I mean, seriously?  That is just the coolest.  I hope this isn’t sacrilegious, but when I hear him play this song, it feels like church.  “I’m here today ’cause that brave woman begot me” – I want to shout hallelujah.

I’m thinking about my own family today – how we have our own unique story, one that keeps progressing and morphing with time, for better and for worse, each of us changing and becoming and growing into whoever it is that we are, whoever it is that we were created to be.  We are equal parts comedy and tragedy – and a total gong show, at times.  We are far, far from perfection, but still, “when I’m with ’em, it’s like Thanksgiving.”

Today, my littlest sister Sarah is moving to Haiti. At 22-years old (and more mature than the other three of us kids put together – no offense, Jeremy and Becca, I know you agree), she bought a one-way ticket, and is moving to one of the poorest countries in the world to do a little good.  Those of us who know her know that she will do more than “a little” good, and while we will miss her terribly, can’t put into words how proud we are of her.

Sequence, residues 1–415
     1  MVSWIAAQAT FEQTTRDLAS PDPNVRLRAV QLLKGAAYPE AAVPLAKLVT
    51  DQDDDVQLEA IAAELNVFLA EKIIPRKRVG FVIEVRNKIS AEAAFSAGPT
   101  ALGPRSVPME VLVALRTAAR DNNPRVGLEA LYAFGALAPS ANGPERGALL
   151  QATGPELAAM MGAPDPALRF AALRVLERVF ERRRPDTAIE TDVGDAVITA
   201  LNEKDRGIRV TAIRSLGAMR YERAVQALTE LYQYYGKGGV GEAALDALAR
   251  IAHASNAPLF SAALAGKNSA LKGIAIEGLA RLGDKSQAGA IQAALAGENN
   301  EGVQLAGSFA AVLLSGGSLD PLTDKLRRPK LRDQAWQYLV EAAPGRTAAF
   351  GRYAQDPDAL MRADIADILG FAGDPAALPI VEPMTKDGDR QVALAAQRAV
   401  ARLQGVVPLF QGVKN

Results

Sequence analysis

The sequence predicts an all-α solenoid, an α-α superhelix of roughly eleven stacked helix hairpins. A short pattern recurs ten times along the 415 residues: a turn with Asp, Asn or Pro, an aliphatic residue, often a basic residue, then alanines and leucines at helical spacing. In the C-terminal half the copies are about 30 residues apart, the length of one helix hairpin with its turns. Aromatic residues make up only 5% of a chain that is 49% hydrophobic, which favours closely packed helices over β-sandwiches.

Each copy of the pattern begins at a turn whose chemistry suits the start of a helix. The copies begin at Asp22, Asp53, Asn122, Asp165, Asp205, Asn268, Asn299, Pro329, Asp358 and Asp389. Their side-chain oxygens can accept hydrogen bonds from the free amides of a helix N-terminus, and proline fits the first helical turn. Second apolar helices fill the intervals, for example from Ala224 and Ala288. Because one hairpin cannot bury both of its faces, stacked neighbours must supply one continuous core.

If I ever wrote a song about my family, today would be an important line.

“It only ends once – everything before that is just progress.”

Tuesday, May 25th, 2010

Dear Lost,

In the 36 hours since Sunday night, the internets have been abuzz with talk of you.  Did you end the right way?  Were people’s minds sufficiently blown?  How accurate were our theories?  Was the conclusion good enough?

Mainly: are we satisfied?

Lost, you were my favorite show I’ve ever watched, and gave me something to look forward to for 6 years.  From living in my studio in Seattle, to driving around the country for 3 months, to a tiny apartment on Music Row in Nashville, to a house shared with roommates and so many friends, to this new little life in Denver, you have been, as Daniel Faraday would call it, my constant.

You were an excuse to get together with friends – or, in more recent TV-less, friendless months, a reason to go to the gym on Tuesday nights.  You introduced me to interesting characters who asked interesting questions.  You tied together and orchestrated seemingly unrelated stories – and as exaggerated as it may be, in a small way it kind of makes me think of this.

[Seriously.  If that isn’t a masterpiece, I don’t know what is.  It doesn’t matter how many times I listen to it – I lose it every time.  I think that’s what heaven is going to sound like.]